The Factory Butte area is best visited in late October when the cottonwoods are changing color or in mid to late May when a carpet of wildflowers occasionally graces the badlands.

Boondocking is readily available along Factory Bench and Cow Dung Roads. During the warmer months, stay in a campground with electricity so you can run air conditioners. We recommend the Offroad RV Resort which has full hookups and spacious sites at a reasonable rate. If you are not camping, Cathedral Valley Inn, just outside the east end of Capitol Reef, offers pleasant rooms at a reasonable rate. You'll need to travel to Hanksville for food or gas.

Two groups of small arches frame Factory Butte. The first group is at 38.39539,-110.88971 and contains four arches, all of which frame Factory Butte. The arches are best shot at sunset when they get a nice glow. To access the arches, drive 2.2 miles down Coal Mine Road and park along the side of the road. Hike off-trail 400 feet or so to the arches. You'll need a wide-angle lens for two of the arches, the wider, the better.

The second group of arches is near the old Factory Butte Coal Mine. The area contains dozens of tiny arches and other eroded rocks. The area reminds me of a cross between the fantastic shapes of Little Finland and the coloration of the Bisti Badlands, which is also in a coal mining area. To access the area, drive 9.7 miles down Coal Mine Road to the signed turnoff for the coal mines. The mines have been closed and sealed off are no longer viewable. Turn right and drive .7 miles, and park. The eroded rocks and arches are about 50-100 yards to the west-northwest of the parking. You will almost certainly have the area to yourself.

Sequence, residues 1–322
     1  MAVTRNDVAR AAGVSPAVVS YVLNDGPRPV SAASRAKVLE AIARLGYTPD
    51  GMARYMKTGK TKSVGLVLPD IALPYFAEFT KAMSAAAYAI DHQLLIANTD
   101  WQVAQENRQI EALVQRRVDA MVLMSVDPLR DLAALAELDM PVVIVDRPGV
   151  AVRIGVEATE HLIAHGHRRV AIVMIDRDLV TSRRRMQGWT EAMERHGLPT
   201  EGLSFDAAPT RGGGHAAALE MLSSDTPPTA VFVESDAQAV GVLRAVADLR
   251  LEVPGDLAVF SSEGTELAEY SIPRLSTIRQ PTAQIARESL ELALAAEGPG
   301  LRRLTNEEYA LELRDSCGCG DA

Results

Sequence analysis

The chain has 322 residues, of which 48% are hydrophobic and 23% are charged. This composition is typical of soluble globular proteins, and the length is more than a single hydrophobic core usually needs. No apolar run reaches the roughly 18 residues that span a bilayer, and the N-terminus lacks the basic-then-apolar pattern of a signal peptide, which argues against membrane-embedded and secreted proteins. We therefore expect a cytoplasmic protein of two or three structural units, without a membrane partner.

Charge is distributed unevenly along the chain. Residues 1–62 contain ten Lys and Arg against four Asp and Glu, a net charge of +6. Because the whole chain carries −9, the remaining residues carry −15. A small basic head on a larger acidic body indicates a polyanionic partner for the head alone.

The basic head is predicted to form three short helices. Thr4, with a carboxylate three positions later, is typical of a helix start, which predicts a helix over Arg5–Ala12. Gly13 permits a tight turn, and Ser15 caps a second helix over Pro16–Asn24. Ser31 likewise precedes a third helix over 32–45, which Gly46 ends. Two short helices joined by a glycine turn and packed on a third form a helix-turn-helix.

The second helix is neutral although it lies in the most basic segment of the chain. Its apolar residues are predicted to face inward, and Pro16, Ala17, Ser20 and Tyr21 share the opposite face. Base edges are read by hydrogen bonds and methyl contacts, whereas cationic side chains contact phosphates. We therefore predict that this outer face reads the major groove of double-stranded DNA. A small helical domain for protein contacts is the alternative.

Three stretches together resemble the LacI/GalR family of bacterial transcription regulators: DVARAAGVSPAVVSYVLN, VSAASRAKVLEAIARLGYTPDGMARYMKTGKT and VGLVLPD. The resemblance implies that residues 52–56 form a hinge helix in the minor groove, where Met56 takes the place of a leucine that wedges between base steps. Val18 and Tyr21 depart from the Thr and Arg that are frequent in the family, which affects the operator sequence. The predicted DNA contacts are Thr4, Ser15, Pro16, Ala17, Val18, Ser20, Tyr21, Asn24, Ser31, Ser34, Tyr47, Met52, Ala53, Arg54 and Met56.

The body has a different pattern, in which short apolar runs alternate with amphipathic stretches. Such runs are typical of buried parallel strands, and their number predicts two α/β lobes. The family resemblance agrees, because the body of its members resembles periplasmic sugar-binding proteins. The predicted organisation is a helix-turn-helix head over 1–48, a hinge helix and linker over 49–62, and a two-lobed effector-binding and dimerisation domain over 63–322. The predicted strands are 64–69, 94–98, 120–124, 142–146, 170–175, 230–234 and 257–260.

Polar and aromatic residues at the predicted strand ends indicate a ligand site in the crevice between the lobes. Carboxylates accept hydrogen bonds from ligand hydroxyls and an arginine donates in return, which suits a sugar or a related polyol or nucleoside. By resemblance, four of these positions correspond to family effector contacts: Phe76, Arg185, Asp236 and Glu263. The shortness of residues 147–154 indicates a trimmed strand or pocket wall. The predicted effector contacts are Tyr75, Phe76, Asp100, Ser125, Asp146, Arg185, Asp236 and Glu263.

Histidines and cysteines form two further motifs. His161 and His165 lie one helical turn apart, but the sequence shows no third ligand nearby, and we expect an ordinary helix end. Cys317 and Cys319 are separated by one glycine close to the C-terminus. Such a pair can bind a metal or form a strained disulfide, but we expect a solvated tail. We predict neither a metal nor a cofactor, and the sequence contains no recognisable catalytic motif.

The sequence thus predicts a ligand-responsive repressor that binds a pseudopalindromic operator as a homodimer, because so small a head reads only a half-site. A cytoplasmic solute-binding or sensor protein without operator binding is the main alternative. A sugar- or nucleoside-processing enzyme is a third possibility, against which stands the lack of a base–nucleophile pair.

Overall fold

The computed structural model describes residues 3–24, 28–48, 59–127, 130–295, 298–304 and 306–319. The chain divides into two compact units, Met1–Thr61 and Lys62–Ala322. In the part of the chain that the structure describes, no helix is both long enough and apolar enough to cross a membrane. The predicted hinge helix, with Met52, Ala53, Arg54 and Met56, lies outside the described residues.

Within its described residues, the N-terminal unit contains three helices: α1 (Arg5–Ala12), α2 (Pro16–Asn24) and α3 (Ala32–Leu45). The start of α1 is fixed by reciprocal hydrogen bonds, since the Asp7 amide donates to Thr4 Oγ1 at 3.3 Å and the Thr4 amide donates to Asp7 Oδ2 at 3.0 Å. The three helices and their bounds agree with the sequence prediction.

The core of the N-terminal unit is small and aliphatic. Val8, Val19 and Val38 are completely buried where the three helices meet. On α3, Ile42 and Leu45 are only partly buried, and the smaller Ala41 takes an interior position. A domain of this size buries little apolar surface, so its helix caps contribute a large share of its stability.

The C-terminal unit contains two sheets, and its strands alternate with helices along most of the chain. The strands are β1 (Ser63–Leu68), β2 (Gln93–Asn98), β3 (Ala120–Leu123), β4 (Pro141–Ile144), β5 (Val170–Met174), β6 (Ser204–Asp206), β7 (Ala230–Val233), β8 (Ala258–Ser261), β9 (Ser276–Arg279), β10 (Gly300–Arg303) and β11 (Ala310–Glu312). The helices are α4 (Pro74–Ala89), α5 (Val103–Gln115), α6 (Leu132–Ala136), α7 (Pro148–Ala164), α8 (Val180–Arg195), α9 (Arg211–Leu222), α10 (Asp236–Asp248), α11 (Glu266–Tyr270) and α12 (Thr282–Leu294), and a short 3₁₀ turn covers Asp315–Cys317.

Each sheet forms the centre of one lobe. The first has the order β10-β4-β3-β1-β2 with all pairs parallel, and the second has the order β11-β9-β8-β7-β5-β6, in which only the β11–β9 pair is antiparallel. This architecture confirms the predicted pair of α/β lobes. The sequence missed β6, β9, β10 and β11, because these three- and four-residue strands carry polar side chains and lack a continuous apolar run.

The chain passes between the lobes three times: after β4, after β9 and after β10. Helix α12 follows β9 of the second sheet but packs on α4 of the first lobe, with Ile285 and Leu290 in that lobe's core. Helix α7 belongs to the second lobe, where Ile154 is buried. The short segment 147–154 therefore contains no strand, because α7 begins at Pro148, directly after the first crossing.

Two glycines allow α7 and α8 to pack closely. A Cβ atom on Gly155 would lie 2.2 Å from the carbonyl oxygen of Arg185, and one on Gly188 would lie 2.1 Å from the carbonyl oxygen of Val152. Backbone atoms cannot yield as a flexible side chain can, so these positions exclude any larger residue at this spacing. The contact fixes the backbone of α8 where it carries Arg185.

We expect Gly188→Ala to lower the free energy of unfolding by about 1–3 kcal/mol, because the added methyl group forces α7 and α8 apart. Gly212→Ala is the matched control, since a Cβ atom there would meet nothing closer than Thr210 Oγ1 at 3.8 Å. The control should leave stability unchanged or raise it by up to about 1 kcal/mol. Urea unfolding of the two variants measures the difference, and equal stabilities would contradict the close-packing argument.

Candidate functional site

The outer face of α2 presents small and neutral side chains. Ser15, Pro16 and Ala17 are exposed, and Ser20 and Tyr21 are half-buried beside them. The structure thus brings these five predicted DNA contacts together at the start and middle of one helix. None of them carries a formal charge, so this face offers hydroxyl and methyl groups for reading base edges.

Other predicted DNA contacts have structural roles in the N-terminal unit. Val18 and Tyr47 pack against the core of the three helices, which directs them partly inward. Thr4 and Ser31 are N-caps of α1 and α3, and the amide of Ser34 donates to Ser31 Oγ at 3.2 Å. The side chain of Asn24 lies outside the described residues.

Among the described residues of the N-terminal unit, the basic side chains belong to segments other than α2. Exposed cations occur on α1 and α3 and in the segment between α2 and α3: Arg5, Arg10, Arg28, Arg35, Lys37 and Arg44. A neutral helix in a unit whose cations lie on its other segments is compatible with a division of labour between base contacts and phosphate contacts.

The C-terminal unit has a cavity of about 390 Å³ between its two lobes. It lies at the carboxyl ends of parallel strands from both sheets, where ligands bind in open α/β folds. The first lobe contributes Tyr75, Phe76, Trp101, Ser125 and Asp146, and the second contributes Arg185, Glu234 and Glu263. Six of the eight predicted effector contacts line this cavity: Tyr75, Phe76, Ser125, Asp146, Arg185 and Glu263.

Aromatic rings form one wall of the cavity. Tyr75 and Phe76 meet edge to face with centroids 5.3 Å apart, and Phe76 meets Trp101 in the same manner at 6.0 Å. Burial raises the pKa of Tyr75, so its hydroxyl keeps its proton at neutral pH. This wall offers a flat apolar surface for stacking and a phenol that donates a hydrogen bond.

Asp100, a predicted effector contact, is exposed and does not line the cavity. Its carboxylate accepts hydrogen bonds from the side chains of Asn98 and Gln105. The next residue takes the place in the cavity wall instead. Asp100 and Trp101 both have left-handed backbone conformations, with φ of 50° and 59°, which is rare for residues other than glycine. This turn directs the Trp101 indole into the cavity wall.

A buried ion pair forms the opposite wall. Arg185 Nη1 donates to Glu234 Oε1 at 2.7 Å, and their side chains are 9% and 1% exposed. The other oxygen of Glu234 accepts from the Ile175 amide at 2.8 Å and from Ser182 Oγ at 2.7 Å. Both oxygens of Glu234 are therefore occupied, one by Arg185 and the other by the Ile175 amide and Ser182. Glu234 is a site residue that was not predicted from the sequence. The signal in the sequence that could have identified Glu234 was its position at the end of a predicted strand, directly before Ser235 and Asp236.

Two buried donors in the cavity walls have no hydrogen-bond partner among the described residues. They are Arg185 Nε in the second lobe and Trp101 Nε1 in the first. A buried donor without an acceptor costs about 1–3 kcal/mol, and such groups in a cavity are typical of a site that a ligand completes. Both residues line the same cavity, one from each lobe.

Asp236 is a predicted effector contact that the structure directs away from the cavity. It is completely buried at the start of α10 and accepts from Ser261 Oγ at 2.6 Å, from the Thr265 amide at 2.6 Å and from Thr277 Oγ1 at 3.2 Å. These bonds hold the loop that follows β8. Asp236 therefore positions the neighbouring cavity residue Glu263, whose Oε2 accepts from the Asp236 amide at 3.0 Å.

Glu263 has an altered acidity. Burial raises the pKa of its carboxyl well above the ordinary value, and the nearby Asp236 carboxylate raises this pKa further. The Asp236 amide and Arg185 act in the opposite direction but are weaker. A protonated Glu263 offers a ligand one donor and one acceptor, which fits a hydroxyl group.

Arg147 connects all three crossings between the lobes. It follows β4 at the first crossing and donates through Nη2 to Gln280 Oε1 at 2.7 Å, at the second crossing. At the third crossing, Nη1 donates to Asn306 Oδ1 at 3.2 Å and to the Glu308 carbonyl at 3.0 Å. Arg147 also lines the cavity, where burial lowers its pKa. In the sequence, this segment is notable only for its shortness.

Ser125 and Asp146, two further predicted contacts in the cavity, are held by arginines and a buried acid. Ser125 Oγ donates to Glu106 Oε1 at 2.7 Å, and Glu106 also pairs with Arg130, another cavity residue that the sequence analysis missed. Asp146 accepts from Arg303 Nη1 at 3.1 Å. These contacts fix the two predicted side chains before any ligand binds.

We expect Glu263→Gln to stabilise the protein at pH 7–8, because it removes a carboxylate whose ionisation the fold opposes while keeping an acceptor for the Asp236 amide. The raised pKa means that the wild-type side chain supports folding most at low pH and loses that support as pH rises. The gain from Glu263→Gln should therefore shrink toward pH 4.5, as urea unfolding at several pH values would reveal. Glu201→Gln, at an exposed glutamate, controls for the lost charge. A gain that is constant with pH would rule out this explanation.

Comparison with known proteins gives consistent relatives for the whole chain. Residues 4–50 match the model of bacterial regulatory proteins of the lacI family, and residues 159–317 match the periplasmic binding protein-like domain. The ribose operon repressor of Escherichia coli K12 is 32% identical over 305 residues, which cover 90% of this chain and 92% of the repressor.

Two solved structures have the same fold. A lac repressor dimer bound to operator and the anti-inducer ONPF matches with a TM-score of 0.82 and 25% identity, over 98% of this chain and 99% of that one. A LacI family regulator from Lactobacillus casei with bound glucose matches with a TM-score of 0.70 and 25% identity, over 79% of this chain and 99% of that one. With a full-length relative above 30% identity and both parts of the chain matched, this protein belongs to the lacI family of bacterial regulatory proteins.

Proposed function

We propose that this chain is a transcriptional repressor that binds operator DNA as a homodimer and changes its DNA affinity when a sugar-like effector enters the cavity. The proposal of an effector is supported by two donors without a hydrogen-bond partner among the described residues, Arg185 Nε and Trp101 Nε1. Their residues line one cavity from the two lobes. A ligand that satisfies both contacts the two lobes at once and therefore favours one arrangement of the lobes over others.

South Caineville Mesa

Closer to Caineville, there are good hikes through the Mancos Shale badlands to the summits of North and South Caineville Mesa. The South Caineville Mesa hike is harder, gaining 1,200 feet of elevation over 2.7 miles. The trailhead is just west of a small gully at milepost 100.2. When I last hiked this in 2005, there was no fence there. There is now a fence with a gate that may be locked (conflicting information). You must cross the Fremont River on this hike, and you will get wet. Towards the mesa top, the trail becomes difficult to follow. Spend the time to find it, as you need to be on the trail to climb the cliffs at the summit. Once you summit, sign the register. The last time I was there was in 2005. There were very few entries in the register that year. After summiting, optionally, continue to the Steele sheepherder's cabin; this adds another 1.4 miles one-way to the hike. The sheepherder's cabin is quite photogenic and well preserved.

North Caineville Mesa